There seems to be a misconception that kids have it easy.
While they might not be worried about work or money, there are plenty of other things that can stress them out – relationships with their friends, bullying, school work and family issues are high up on the list of things children worry about.
Which is where meditation comes in.
It can help kids find a calm place when they feel anxious and help them to become peaceful after spending an afternoon running around the playground.
Lyn-Maree Fredericks started taking her two daughters to a children’s meditation class 18 months ago, after they started asking questions about her own meditation practices.
Although her eldest daughter no longer attends the classes, she still meditates regularly at home to overcome stress around school, while her nine-year-old daughter Jessie still loves meditating with her friends every Tuesday afternoon.
“Jessie is in tune with the relaxation side of it. I find the conversations I have with her leaving here are usually very clear, like she can go in concerned with what’s happened at school but come out quite bubbly and relaxed,” Fredericks says.
“She seems to find clarity with life. It means she is clearer in the things she wants to do.”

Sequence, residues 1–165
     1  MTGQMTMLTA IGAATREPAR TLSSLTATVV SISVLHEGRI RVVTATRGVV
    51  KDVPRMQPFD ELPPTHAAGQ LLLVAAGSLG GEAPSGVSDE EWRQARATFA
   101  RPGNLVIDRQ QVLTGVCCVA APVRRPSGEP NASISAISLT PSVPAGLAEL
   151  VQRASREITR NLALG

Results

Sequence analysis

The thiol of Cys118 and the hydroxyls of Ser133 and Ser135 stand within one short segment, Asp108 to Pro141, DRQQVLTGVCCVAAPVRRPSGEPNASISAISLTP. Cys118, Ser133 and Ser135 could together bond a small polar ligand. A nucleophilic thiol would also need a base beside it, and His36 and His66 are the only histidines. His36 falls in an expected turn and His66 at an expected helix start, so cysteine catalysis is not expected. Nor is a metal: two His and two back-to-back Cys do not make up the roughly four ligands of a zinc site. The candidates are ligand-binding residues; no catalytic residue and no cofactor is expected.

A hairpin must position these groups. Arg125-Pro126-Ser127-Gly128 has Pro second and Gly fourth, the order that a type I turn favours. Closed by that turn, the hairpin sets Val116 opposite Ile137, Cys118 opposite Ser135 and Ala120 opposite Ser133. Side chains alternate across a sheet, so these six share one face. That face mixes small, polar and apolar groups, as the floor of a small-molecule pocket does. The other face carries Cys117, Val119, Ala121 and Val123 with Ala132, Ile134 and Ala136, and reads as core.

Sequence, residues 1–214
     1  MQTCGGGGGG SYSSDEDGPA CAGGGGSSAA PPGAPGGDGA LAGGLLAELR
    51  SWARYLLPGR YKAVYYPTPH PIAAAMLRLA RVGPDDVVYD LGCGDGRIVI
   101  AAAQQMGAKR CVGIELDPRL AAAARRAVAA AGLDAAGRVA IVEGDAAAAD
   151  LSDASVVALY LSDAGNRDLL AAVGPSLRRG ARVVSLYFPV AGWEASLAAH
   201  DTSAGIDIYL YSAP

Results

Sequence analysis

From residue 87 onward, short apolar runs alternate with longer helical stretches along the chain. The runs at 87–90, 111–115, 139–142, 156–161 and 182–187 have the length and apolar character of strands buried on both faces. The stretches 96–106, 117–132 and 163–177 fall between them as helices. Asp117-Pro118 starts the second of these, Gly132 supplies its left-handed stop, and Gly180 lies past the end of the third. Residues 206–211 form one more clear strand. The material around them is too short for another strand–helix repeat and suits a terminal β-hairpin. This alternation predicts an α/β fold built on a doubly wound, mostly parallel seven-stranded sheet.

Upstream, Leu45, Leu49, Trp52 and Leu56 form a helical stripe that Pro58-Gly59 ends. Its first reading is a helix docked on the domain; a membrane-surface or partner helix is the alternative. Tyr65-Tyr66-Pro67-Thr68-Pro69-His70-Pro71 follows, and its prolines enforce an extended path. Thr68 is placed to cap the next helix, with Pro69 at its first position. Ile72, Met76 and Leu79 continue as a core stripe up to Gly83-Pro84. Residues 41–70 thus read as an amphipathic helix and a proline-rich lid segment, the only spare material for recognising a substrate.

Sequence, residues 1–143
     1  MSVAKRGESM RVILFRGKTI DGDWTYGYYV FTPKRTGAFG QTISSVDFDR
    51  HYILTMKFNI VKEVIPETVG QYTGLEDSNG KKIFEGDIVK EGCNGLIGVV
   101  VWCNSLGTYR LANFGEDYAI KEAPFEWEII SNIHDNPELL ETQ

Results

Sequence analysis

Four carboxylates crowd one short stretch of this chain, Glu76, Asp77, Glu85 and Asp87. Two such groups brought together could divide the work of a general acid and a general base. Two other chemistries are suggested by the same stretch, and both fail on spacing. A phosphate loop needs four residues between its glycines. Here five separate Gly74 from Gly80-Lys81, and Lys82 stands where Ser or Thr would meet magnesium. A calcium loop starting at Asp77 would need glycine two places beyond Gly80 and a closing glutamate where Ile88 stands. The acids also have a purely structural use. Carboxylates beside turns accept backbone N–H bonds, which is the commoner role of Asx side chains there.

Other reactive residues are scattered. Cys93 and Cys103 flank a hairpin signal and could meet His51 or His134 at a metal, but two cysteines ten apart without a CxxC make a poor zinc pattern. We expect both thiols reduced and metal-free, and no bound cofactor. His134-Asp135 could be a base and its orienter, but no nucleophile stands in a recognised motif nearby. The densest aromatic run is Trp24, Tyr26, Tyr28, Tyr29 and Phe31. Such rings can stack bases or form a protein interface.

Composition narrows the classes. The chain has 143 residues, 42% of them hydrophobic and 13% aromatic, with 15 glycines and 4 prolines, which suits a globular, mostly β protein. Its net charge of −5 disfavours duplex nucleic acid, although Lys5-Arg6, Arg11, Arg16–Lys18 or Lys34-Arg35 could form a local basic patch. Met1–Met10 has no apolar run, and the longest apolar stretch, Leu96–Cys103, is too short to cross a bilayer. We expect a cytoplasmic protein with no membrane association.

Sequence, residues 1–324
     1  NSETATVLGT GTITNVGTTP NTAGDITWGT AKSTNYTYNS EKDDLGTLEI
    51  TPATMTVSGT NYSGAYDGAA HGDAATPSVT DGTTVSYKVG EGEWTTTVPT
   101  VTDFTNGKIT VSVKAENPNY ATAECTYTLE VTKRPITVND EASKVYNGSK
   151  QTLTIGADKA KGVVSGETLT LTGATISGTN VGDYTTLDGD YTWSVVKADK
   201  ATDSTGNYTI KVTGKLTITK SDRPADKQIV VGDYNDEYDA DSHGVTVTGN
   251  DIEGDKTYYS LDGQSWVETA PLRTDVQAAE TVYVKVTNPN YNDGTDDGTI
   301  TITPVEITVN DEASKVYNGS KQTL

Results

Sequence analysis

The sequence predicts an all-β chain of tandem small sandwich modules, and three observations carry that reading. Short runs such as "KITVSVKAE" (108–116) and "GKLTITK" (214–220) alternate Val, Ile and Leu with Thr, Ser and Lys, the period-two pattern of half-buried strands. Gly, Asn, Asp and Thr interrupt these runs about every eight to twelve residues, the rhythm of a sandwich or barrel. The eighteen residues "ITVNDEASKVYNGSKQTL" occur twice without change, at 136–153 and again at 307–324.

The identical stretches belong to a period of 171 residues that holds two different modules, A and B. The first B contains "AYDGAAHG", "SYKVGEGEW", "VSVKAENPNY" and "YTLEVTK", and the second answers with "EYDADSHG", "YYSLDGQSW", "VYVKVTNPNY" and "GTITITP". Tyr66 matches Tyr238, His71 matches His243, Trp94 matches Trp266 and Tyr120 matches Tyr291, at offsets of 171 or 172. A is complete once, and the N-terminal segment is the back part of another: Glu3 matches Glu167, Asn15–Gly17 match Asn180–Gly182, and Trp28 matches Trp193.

Jessie says she uses meditation to deal with things she worries about at school and to help calm her mind before she falls asleep.
“I like it because it’s fun and very relaxing to do. I like doing the guided meditation the most. Sometimes it’s hard to do just on your own.”
“I do it at night because it helps me get to sleep and with school and calming down with tests that might be coming up.”
Ursula Laughton runs a children’s meditation class and says most kids tell her it assists them when they are feeling anxious about something at school.
“There’s always pressures, even from age five they’ve already started school, and there’s expectations and responsibilities that they have to experience and deal with everyday, so taking this time out, they get the opportunity to be themselves, reflect on what they need and get to know themselves more,” she says.
“I’ve had comments about children being able to go to school more at ease, relating with their peers with more confidence.”
The difference between teaching a child and an adult how to meditate is the level of intellectual engagement they have with the process.
A typical meditation class begins with the children expressing something they are grateful for, followed by some stretches and breathing exercises to calm them down. Laughton then guides her students through some relaxation exercises before taking them into their imagination using visualisation, which lasts between five and 10 minutes depending how old the children are.